Obama admires her efficiency, aides say. In a recent cabinet meeting, Burwell kept her remarks on the president’s management agenda, an OMB initiative that aims to make government work better, to four minutes. Three cabinet secretaries then made short presentations on the subject.
The president complimented her for an “admirably crisp” presentation -- then said he wanted to spend more time on the subject, according to an aide.
Her tendency to resort to corporate jargon, first learned in her 20s during a stint with the McKinsey & Co. consulting firm, is balanced by a warm touch. On her first day as director, Burwell welcomed agency staff into her gold-trimmed office for cupcakes and punch with her family.
Even with her government experience, the job has been a “baptism by fire,” said Representative Chris Van Hollen of Maryland, the top Democrat on the House Budget Committee.
OMB had primary responsibility for managing the government during last month’s shutdown, approving plans to furlough employees, deciding who could return to work, and which facilities had to close.
It was Burwell’s name that was on the letter formally closing the government.
She managed the crisis with an understaffed agency hit hard by budget cuts. During Clinton’s administration, OMB had 517 employees. When Burwell arrived, 454 were working at the agency and key deputy positions were vacant, leaving morale low as aides took on more responsibility for lower pay.
Building the agency has been one of her top challenges, said Burwell. She has begun to hire, stocking the office with advisers, including longtime White House economic policy aide Brian Deese and McKinsey director Beth Cobert as deputies, and Georgetown Law Professor Howard Shelanski to head the Office of Information and Regulatory Affairs.
“The single biggest surprise is the strain on the organization,” she said. “I underestimated it and probably didn’t do my homework as well as I should have. Making sure we’re attracting the highest quality of talent is going to make a huge difference.”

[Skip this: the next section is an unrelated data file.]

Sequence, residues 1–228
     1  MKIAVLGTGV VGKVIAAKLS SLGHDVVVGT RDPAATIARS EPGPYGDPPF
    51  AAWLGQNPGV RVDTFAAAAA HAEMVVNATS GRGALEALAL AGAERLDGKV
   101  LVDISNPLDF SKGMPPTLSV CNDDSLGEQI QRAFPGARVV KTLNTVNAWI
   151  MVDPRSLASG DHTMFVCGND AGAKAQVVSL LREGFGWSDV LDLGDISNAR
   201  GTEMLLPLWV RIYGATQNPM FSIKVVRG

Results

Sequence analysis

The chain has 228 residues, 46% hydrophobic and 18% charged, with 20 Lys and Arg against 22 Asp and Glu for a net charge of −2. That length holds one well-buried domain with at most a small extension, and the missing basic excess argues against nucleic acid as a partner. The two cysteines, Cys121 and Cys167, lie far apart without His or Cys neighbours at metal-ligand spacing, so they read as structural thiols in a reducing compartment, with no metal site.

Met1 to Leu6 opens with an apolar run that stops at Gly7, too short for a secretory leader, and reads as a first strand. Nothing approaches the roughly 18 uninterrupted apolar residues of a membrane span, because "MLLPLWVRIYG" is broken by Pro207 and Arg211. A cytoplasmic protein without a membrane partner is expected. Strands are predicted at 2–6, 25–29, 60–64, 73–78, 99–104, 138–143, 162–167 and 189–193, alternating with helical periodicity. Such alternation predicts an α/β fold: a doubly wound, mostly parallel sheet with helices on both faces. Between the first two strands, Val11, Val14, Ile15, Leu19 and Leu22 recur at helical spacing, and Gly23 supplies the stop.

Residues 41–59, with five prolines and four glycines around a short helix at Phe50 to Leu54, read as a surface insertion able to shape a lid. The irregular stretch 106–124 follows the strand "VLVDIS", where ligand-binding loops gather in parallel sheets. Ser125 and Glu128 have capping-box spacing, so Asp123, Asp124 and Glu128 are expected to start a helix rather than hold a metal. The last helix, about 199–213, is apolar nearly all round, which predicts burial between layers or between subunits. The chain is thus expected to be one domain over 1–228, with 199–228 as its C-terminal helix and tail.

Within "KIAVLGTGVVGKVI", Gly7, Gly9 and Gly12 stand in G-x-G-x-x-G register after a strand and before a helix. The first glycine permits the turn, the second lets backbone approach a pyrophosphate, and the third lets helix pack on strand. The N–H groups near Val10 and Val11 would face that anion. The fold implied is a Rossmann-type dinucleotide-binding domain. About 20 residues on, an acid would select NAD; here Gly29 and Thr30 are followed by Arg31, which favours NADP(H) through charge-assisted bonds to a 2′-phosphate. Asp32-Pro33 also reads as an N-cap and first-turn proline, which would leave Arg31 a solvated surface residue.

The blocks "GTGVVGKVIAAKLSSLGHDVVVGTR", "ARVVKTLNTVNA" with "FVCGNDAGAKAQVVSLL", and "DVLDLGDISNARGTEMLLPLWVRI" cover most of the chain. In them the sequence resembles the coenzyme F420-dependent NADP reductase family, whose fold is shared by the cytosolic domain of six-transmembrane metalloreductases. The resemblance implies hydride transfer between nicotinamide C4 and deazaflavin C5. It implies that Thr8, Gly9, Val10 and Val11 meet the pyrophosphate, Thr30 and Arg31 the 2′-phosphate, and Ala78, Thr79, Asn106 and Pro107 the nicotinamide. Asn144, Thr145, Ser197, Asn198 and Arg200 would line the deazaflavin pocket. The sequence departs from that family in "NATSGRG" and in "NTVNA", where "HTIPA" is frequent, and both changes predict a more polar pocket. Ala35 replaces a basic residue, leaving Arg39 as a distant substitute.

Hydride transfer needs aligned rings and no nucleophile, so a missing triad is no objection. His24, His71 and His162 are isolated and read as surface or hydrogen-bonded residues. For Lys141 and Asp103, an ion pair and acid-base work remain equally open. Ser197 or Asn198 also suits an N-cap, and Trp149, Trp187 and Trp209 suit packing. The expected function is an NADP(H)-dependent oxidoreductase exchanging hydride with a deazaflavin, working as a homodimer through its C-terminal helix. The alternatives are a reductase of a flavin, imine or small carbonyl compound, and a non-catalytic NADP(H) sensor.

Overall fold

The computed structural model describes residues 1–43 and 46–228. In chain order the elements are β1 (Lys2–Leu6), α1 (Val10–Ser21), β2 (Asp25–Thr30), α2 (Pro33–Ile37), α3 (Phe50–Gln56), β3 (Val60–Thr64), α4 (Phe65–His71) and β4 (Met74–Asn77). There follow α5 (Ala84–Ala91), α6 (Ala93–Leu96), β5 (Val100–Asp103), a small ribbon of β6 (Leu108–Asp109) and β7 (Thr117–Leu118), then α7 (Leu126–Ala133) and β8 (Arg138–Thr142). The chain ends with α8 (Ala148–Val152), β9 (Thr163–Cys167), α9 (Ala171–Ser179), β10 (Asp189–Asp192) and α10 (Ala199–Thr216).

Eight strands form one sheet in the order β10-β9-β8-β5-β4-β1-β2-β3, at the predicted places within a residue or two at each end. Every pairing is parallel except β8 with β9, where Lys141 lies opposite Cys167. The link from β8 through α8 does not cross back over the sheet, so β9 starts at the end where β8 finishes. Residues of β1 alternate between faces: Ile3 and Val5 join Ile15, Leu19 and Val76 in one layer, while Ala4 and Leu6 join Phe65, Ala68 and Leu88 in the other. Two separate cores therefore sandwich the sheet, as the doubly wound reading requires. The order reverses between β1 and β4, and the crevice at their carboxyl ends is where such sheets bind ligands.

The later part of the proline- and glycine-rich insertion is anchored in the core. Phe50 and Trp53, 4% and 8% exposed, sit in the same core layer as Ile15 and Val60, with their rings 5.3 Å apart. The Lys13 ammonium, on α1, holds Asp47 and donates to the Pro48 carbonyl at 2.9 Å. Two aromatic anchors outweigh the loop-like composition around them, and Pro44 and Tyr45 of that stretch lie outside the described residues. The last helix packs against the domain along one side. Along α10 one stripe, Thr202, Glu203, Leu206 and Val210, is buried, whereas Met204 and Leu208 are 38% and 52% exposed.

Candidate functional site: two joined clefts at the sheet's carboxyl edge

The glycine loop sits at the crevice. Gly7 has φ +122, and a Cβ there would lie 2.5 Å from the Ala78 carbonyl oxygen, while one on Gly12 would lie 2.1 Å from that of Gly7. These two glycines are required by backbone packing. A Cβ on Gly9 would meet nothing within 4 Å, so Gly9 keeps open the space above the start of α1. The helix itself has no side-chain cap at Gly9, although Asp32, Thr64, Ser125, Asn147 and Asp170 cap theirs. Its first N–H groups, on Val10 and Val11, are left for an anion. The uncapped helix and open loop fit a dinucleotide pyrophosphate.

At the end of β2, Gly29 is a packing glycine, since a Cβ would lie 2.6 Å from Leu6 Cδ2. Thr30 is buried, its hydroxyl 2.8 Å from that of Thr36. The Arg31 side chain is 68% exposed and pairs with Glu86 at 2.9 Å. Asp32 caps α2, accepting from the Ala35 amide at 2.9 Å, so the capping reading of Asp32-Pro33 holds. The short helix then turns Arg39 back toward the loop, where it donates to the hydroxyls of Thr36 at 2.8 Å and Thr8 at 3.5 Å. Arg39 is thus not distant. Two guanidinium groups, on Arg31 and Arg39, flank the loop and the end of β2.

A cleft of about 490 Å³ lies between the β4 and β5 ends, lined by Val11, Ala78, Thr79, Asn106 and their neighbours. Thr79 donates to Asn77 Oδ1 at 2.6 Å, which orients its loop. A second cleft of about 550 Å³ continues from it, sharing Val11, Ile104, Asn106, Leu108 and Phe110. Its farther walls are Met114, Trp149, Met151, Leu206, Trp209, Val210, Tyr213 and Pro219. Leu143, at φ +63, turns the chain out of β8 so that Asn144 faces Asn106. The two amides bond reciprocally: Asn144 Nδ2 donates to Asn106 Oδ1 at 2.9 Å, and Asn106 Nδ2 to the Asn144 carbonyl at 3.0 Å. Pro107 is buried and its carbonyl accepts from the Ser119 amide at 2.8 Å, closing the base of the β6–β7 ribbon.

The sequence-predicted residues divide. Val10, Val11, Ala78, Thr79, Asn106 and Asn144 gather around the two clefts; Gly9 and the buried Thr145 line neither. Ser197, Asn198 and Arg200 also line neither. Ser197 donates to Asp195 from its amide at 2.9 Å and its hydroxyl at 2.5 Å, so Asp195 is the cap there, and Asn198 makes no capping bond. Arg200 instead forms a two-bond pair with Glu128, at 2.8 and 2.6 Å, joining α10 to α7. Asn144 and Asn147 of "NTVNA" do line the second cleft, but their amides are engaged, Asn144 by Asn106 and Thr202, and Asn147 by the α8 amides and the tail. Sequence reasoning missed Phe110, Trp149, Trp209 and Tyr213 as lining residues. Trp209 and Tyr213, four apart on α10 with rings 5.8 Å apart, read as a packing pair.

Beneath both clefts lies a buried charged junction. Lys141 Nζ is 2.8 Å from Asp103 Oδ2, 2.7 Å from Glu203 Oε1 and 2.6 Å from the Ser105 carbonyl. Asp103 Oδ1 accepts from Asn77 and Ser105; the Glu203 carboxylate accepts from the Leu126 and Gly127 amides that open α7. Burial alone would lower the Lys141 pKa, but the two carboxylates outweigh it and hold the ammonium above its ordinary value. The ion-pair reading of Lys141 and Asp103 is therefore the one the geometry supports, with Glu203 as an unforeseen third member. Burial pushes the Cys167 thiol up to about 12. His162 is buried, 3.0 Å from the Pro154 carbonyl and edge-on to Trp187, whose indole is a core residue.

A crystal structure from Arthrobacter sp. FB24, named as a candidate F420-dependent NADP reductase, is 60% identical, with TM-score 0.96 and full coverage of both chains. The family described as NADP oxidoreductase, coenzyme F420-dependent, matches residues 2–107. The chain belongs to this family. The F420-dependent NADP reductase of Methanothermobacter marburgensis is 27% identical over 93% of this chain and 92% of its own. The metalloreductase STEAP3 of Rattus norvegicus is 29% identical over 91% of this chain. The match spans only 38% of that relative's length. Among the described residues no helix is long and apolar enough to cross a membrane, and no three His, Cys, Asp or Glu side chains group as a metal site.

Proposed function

Her calm demeanor was honed during her 12 years out of government, say former colleagues. She joined the Bill and Melinda Gates Foundation as Gates and his wife began to transfer billions of dollars into their charity.
Burwell oversaw the foundation’s finance department, built its global development practice, and managed relationships with partners in the corporate and government worlds.
“The people at the White House had said: If you needed something to get done you gave it to Sylvia,” said Patty Stonesifer, former chief executive officer of the Gates Foundation. “We had a lot of things we needed to get done.”
Burwell kept the mission focused on the communities being served. In her office, she referred to a photo of a 2-year-old African girl, named Indiea, being bathed in a bucket as “the boss.” A version of the photo, rendered in a Technicolor quilt, now hangs high on the wall of her OMB office.
“Everyone should have their photos of how they think about what our work is,” she said. “Connecting them to that is the most important thing I can do.”